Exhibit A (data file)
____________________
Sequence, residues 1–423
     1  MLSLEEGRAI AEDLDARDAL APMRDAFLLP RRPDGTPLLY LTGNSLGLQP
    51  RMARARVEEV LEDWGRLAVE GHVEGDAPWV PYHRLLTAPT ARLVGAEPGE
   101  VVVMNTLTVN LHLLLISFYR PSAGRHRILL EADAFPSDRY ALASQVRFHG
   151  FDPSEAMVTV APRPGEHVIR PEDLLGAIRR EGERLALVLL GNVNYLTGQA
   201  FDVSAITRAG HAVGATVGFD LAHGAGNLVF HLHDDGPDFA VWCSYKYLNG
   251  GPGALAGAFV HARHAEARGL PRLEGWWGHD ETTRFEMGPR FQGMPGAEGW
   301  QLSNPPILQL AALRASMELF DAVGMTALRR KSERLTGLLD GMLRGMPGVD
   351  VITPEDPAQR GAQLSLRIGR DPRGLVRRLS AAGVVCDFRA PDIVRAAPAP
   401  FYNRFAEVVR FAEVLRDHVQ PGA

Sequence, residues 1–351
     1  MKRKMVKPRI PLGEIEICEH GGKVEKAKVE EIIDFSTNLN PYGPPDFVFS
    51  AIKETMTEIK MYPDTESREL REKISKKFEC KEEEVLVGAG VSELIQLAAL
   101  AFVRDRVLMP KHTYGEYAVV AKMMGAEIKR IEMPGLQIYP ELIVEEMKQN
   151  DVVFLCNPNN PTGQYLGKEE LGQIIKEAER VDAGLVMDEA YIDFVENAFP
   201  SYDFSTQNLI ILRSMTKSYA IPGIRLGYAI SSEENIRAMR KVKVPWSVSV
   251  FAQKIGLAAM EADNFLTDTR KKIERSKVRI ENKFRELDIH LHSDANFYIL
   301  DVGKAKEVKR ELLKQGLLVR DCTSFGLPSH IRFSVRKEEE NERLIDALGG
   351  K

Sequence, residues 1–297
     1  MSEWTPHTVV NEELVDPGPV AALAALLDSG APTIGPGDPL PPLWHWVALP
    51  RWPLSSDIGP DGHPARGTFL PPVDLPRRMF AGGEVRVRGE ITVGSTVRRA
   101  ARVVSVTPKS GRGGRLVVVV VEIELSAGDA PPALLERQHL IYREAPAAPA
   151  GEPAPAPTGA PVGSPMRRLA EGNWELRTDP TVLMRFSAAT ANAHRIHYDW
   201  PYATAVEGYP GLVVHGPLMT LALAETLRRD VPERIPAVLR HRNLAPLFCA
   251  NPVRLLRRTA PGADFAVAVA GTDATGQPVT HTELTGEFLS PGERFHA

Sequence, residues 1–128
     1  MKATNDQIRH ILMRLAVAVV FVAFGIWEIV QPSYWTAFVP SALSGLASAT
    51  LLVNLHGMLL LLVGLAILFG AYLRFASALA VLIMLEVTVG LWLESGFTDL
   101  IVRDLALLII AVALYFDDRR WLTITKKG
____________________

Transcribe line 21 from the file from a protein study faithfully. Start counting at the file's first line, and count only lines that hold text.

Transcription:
     1  MSEWTPHTVV NEELVDPGPV AALAALLDSG APTIGPGDPL PPLWHWVALP